“I can smell the microtransactions from here,” states a commenter replying to a recent trailer for the new mobile title Forza Street posted on the official Xbox YouTube account. In a move decidedly unrepresentative of Microsoft’s typical behavior, they’ve seen fit to bring their oft-lauded Forza series to PC and mobile devices with the franchise’s newest entry. The caveat is, of course, that this transition has left the game riddled with so-called recurring payment options and features little to no gameplay.
Loot boxes and premium currencies abound in Forza Street, itself quite literally nothing more than a shabby reskin of 2018’s Microsoft-backed Miami Street. Seriously, almost nothing, save for the title, has been changed here, and the bare-bones gameplay, underdeveloped characters, and money-grubbing mentality hasn’t been altered in the slightest from the original incarnation.
The Forza series doesn’t really seem like something that would translate all that well to mobile. Sure, there have been successful racing games on phones and tablets, most notably Gameloft’s Asphalt series and a few entertaining Need for Speed approximations circa the early 2010’s, but appreciable motorsports experiences are, perhaps unsurprisingly, few and far between on the Play Store. Rather than develop an ambitious, worthwhile open-world racing experience which would have been one-of-a-kind in the mobile space, Microsoft totally phoned it in and hoped to print off some easy money with this lazy paint job of an experience.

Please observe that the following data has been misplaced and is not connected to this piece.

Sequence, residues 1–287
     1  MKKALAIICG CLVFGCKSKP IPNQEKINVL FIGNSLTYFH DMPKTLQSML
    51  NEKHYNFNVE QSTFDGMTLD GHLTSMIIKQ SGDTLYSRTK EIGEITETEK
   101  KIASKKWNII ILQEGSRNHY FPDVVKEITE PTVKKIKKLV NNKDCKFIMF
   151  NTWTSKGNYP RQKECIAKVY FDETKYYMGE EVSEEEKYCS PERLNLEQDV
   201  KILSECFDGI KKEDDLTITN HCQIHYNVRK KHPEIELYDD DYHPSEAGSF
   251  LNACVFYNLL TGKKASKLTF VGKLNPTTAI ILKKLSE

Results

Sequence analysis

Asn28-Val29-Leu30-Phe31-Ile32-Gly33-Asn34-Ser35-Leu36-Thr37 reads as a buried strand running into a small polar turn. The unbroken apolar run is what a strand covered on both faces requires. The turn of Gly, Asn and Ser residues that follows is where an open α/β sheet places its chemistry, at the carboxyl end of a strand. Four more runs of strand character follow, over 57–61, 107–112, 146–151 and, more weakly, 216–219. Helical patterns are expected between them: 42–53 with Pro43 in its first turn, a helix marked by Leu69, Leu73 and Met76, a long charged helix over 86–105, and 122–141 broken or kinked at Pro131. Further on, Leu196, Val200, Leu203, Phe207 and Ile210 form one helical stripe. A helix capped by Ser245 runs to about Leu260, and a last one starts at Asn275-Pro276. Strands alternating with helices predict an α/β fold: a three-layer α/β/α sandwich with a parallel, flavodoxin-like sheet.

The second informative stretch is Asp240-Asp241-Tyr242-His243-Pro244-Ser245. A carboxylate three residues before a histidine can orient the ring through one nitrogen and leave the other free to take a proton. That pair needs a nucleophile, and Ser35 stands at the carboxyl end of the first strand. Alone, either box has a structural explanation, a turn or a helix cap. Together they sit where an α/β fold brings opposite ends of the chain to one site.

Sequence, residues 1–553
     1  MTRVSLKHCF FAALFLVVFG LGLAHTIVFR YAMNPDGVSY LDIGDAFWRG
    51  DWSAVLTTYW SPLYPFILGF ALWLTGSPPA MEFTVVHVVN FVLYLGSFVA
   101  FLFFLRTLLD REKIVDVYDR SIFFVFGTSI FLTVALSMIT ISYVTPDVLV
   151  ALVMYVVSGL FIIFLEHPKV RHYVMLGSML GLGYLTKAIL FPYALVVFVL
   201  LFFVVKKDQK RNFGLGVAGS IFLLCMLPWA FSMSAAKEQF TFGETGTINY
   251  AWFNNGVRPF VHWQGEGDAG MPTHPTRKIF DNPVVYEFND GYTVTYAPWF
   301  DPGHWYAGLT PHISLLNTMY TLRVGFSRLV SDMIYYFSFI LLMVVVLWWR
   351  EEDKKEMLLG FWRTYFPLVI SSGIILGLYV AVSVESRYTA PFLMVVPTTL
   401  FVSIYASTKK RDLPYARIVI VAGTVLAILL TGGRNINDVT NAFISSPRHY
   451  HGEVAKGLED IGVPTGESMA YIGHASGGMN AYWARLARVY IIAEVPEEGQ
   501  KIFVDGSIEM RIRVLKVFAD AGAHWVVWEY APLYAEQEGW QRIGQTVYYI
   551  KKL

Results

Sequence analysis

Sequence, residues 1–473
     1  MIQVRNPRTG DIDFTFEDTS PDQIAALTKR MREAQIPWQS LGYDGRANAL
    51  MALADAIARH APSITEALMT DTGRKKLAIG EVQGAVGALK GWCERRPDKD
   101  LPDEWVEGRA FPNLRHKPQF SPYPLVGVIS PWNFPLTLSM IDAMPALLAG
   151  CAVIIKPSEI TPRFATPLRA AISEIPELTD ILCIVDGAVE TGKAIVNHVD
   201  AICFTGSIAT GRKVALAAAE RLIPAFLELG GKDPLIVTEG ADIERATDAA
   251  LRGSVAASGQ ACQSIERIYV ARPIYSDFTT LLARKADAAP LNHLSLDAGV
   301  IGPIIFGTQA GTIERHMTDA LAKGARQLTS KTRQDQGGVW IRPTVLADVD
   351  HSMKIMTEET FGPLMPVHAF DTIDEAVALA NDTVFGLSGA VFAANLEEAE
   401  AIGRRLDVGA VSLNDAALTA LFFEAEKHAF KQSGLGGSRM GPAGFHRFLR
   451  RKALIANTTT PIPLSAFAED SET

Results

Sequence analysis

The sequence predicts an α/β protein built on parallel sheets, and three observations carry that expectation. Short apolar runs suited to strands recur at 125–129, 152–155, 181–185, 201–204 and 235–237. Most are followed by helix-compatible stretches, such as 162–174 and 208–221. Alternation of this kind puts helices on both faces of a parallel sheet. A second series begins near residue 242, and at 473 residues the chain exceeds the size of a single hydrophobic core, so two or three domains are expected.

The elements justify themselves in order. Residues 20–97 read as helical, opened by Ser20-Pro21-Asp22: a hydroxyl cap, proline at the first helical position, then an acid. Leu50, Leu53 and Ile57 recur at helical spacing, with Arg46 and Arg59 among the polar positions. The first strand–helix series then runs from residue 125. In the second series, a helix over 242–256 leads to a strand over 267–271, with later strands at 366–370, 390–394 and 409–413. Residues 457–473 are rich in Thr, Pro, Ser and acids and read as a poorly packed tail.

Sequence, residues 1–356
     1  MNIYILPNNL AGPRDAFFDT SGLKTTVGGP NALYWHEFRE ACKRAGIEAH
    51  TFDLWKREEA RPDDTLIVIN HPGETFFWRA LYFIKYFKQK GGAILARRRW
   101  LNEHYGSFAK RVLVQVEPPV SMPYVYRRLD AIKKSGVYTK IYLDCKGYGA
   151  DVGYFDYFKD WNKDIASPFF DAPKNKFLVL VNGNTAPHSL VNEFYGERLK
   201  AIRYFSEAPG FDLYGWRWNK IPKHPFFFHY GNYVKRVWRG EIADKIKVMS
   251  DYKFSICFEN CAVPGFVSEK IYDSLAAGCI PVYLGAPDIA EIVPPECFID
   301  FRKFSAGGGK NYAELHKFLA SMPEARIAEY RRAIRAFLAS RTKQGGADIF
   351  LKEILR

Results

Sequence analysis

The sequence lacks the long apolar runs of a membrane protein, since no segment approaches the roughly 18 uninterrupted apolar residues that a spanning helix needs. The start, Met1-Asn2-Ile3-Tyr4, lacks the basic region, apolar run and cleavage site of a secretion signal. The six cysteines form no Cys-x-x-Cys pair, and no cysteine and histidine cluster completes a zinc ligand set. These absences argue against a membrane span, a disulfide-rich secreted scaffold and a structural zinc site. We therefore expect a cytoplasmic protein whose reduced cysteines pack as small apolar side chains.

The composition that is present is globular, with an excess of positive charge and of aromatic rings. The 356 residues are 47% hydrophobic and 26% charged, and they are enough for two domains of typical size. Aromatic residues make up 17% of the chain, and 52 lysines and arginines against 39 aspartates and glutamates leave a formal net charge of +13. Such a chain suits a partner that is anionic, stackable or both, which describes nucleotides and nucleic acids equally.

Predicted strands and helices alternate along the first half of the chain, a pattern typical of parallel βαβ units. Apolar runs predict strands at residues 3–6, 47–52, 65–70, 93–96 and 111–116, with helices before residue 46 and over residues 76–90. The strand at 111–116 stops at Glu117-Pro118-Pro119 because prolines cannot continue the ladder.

Paradoxically, as of this moment, it’s not even available on anything other than PC. While it is free—nobody in their right mind would pay for this—it’s undoubtedly a horrible attempt at shoehorning some basic keyboard and mouse controls into a title obviously geared toward touchscreens. Those who don’t have anything else to play may find this to be a semi-decent time sink, but there’s so little input required that Forza Street very nearly plays itself. Simply hold down the buttons and release them at the appropriate moments, and the player is more or less guaranteed to win every single race. What’s more, players trailing behind their AI rivals will find themselves miraculously rubber-banding past the competition toward the finish line.
The bottom line is that this is a racing game in which players can’t even steer their vehicles. It provides a beyond on-rails experience, which almost feels akin to the experience of using Maggie Simpson’s fake steering wheel shown in the show’s opening sequence. Designed with the express purpose of selling players 3D models of actual cars, Forza Street is, in its current state, insulting.
At the very least, the game is deserving of some praise in terms of its visuals… or, it would be, were this actually a mobile game. On PC, this might have looked impressive in 2010, and the environments are so stale and repetitive that they worsen the already bland gameplay experience. If the game makes it to mobile unchanged, then this will definitely be a looker on Android and iPhone, but that remains to be seen.
Forza fans will definitely want to steer clear of this auto atrocity, and that pun was very much intended. While it would be unfair to expect anything particularly groundbreaking to appear on the App Store, this is the sort of bottom-of-the-barrel design that makes gaming as a whole worse in the eyes of casual players. There aren’t really any particularly redeeming qualities here, and this unfortunate iteration is likely to be all but forgotten in the coming months.